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Glamour and profits often don't come together
When the history of digital media is written, the opening sequence should be set in Phoenix in 2008, at the annual Interactive Advertising Bureau confab. It was dawning on the industry that the original promises of the shift from analog to digital media – high quality content, freely available, supported by high quality advertising to reach high quality audiences – was unraveling, and it was about to get worse nine months later, when Lehman Brothers collapsed and set off the Financial Crisis.
The digital publishing industry was unraveling because over the course of its existence, online advertising had never truly figured out brand advertising. Homepage takeovers weren’t TV commercials, even the people claiming that had to know. The internet commoditizes everything it touches, and media people often like to tell themselves lies, including that what they do is different, special even. The openness of the web destroyed the scarcity that allowed for premium pricing; the web flattened publishing brands with a canvas of boxes that moved around; the collection and application of data was the main selling point for digital media vs analog; and finally the click was seized on as the marker of success.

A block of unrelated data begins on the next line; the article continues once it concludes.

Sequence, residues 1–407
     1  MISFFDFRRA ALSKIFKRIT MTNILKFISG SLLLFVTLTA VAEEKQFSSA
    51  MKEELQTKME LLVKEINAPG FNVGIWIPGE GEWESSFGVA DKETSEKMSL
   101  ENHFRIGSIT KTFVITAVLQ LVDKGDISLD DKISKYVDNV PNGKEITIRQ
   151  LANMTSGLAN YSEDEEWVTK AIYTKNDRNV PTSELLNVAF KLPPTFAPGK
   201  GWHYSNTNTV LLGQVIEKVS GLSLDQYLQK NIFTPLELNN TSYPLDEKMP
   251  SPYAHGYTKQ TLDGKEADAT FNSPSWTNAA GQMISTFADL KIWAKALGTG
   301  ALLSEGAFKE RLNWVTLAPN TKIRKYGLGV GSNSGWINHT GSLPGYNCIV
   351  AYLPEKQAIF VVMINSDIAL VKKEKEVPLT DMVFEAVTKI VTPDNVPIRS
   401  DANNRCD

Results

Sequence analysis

If that wasn’t enough, the IAB event was coming at the start of the march of programmatic ad systems to take over digital publishing – while the cocktail party chatter at the IAB was about Microsoft’s bid to buy Yahoo a month earlier, the more consequential acquisition had taken place nearly a year earlier, when Google bought DoubleClick – and rendered media brands into empty vessels for one-to-one audience targeting, where efficiency was the name of the game. Longtime digital media exec and then-president of Martha Stewart Living Omnimedia Wenda Harris Millard warned the audience, “We must not trade our advertising like pork bellies.”